I was working at an HIV/AIDS awareness information fair in Toronto and met a student who was my age.
He pretended to be into the pamphlets but was really interested in me.
If I’m being honest, the fact that he didn’t know much about HIV probably turned me off a bit too.
And he wasn’t the only date to turn a romantic meal into a classroom session.
My colleague didn’t disclose my status because he didn’t know if that would be out of line or not (for the record, I wouldn’t have minded). I later found out that he had seen an article about me in the , and he was cool with it. One of the questions I’m often asked is: For me, personally and according to a recent statement from Dr.
During the date, we were talking about how I was going to be travelling for a health conference, and I blurted out my status. Theresa Tam, the Chief Public Health Officer of Canada, the answer is about 0 percent.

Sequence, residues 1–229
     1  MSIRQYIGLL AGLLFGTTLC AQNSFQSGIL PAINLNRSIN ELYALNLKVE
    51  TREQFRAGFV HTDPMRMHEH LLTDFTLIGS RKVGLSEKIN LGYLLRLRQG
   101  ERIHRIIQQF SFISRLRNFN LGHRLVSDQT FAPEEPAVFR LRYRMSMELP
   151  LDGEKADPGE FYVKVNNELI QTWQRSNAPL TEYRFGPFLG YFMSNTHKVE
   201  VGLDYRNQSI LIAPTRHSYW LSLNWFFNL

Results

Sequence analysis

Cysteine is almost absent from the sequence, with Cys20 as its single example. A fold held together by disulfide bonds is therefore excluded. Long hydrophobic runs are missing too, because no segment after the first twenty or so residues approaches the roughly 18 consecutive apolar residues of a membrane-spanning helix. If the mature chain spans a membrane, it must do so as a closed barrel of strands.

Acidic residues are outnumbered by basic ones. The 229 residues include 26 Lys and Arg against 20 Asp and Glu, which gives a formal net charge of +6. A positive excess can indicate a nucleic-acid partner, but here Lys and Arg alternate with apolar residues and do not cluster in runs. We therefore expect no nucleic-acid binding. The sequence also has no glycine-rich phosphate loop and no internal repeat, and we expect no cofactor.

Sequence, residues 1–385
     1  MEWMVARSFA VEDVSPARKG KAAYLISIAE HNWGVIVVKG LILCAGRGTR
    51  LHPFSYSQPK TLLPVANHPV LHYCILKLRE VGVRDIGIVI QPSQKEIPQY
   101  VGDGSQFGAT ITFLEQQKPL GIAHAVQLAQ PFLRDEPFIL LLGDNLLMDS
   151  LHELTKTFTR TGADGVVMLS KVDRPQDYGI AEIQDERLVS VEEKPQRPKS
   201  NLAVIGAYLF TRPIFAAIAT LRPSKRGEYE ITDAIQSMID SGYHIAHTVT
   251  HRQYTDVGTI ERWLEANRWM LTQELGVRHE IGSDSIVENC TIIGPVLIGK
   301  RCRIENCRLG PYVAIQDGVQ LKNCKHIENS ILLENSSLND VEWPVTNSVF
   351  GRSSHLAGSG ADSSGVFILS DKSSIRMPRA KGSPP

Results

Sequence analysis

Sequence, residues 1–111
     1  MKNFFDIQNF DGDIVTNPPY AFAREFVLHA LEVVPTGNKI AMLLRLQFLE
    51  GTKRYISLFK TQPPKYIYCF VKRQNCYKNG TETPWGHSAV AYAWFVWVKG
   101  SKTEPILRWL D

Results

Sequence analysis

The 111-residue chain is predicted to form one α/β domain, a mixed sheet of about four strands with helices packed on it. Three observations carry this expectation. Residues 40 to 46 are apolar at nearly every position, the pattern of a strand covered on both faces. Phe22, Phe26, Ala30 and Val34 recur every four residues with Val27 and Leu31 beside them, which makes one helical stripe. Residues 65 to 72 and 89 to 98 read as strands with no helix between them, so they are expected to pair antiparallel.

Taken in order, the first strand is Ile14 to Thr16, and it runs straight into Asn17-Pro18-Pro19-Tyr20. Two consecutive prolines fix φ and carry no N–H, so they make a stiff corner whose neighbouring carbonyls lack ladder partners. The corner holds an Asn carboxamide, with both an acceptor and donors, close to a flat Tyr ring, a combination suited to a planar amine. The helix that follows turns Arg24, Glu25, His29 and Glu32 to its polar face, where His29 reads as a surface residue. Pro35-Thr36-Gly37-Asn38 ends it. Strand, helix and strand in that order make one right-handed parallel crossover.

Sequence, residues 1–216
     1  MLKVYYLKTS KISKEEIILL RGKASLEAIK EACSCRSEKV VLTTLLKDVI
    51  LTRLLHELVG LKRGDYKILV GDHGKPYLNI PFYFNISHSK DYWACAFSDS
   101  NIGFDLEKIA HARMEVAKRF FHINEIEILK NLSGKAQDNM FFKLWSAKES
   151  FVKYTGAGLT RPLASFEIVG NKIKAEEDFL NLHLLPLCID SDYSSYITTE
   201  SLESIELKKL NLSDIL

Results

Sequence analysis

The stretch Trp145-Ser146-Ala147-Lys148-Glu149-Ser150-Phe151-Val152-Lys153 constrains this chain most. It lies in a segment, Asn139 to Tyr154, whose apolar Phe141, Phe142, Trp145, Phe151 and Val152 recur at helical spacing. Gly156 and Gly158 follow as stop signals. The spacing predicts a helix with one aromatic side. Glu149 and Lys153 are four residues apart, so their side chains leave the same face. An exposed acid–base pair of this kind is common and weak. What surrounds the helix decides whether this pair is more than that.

Would that force my family and me to pick up and leave?
I wondered if he told his family they might think I was “dirty.” Or think my parents were.
I wondered what would happen if the whole city found out.
On some LGBTQ dating sites, there is an option to check a box if you’re HIV-positive.
After talking to a few people who use those sites, I realized a lot of people don’t feel comfortable disclosing that way. Sometimes I want my status to be the first thing I bring up, like I’m wearing it on a shirt.
When I was 13 years old, I remembering telling myself, “I haven’t even kissed a boy and I have an STI.” That’s how the kids in my class and I were taught about HIV, an infection that I’ve had since birth. A bit about me: I’m 24, living in the Greater Toronto Area and a Gemini who works as a freelance journalist. My mother contracted HIV after my father had several affairs, and she was unaware of her status when she got pregnant, gave birth and breastfed me.
We both found out that we were HIV positive when we came to Canada in 1995. Over the years, I have learned to accept my status and love myself—but finding partners who feel the same is not always easy.